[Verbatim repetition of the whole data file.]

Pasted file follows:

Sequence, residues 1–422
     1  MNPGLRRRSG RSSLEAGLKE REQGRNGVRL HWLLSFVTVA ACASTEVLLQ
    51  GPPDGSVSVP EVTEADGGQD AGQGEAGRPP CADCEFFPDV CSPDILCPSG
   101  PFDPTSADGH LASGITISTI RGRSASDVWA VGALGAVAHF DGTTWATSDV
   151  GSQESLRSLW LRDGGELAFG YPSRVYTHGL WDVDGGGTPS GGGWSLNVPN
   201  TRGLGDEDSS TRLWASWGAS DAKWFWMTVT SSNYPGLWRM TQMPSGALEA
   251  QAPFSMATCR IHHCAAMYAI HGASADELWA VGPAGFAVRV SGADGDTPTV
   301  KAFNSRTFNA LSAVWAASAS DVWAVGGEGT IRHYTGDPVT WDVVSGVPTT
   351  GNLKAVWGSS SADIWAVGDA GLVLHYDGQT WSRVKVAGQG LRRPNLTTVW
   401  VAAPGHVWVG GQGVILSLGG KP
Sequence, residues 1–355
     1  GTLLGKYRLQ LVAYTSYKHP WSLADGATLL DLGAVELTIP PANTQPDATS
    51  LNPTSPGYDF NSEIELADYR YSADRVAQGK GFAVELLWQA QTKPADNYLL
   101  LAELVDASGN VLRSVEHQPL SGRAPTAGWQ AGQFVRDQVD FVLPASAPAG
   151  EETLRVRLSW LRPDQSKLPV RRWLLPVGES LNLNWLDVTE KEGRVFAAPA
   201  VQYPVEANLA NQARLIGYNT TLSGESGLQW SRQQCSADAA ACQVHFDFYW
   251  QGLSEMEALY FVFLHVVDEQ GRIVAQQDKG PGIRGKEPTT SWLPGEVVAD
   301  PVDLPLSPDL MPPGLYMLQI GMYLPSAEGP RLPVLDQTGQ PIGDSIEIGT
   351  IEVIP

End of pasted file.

Sequence, residues 1–422
     1  MNPGLRRRSG RSSLEAGLKE REQGRNGVRL HWLLSFVTVA ACASTEVLLQ
    51  GPPDGSVSVP EVTEADGGQD AGQGEAGRPP CADCEFFPDV CSPDILCPSG
   101  PFDPTSADGH LASGITISTI RGRSASDVWA VGALGAVAHF DGTTWATSDV
   151  GSQESLRSLW LRDGGELAFG YPSRVYTHGL WDVDGGGTPS GGGWSLNVPN
   201  TRGLGDEDSS TRLWASWGAS DAKWFWMTVT SSNYPGLWRM TQMPSGALEA
   251  QAPFSMATCR IHHCAAMYAI HGASADELWA VGPAGFAVRV SGADGDTPTV
   301  KAFNSRTFNA LSAVWAASAS DVWAVGGEGT IRHYTGDPVT WDVVSGVPTT
   351  GNLKAVWGSS SADIWAVGDA GLVLHYDGQT WSRVKVAGQG LRRPNLTTVW
   401  VAAPGHVWVG GQGVILSLGG KP
Sequence, residues 1–355
     1  GTLLGKYRLQ LVAYTSYKHP WSLADGATLL DLGAVELTIP PANTQPDATS
    51  LNPTSPGYDF NSEIELADYR YSADRVAQGK GFAVELLWQA QTKPADNYLL
   101  LAELVDASGN VLRSVEHQPL SGRAPTAGWQ AGQFVRDQVD FVLPASAPAG
   151  EETLRVRLSW LRPDQSKLPV RRWLLPVGES LNLNWLDVTE KEGRVFAAPA
   201  VQYPVEANLA NQARLIGYNT TLSGESGLQW SRQQCSADAA ACQVHFDFYW
   251  QGLSEMEALY FVFLHVVDEQ GRIVAQQDKG PGIRGKEPTT SWLPGEVVAD
   301  PVDLPLSPDL MPPGLYMLQI GMYLPSAEGP RLPVLDQTGQ PIGDSIEIGT
   351  IEVIP